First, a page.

Standardized test formats and evaluation parameters leave no room for students to employ their creativity. The one-and-only right-answer approach may be easier for educators to evaluate, but it limits the student’s ability to think outside the box. For instance, literature cannot be interpreted in just one way. Perspectives and emotions differ with individual experiences and the social environment around the reader. Traditional assessments discourage students from exploring alternative perspectives. This hinders the development of higher-order thinking skills.

    Additionally, assessments create a fear of failure among learners. The added anxiety of being left behind in the competition and disappointing their teachers and parents eclipse the joy of learning. These may adversely affect their motivation and willingness to take learning risks. They learn to only “play safe” rather than explore beyond the curriculum. Students tend to remain confined to curricular learning and suppress their curiosities.

    Promoting a Growth Mindset Through Online Assessments

    A growth mindset is a trait that encourages students to learn. It strengthens their belief that their skills and knowledge can be developed. Harvard Business Review has once stated that those with a growth mindset are driven to “achieve more than those with a more fixed mindset.” This is because they focus on actively making efforts to learn and achieve their academic goals through improvement. It boosts their academic tenacity and inculcates a love for learning by transforming their thinking to view challenges as opportunities.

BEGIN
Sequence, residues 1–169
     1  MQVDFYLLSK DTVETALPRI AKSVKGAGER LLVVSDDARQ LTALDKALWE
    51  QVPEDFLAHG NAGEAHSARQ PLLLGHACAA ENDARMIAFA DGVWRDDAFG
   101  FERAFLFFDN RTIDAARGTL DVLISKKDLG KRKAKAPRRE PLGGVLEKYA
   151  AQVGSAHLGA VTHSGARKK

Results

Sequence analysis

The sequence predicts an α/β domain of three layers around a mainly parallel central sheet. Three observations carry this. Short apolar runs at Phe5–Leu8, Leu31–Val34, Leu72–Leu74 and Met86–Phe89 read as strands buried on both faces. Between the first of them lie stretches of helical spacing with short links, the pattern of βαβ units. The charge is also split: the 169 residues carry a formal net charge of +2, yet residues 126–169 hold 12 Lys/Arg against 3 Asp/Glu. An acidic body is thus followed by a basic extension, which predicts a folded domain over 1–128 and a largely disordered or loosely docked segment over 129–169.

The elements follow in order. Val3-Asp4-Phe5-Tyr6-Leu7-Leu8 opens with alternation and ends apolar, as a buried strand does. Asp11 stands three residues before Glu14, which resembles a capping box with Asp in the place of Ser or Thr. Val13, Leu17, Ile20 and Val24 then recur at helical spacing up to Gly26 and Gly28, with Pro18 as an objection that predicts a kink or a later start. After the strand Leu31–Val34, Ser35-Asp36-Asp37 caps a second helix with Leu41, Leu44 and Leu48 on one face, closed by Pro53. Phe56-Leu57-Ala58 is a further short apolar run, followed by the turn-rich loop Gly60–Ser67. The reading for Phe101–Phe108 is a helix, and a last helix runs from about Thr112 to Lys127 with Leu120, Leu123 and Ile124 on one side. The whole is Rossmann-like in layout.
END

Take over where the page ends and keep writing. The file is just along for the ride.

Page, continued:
A key aspect of building a growth mindset is incentivizing students to adopt a can-do approach to learning. Online assessments can play a pivotal role in emphasizing growth, instead of perfection. The results give the satisfaction of growing beyond the previous benchmark, achieving a little more than the last time.

    For this, assessments must enable students to respond to feedback. Learning should not terminate on feedback, declaring a certain number to define a student’s abilities. Learners should have the opportunity to improve and experiment. Formative assessments are a part of this. However, they focus on building only a limited set of skills. A growth mindset includes examining students on parameters such as creativity, ideation, and critical thinking. Fostering an environment that enables competition with the self rather than others is essential to building a growth mindset.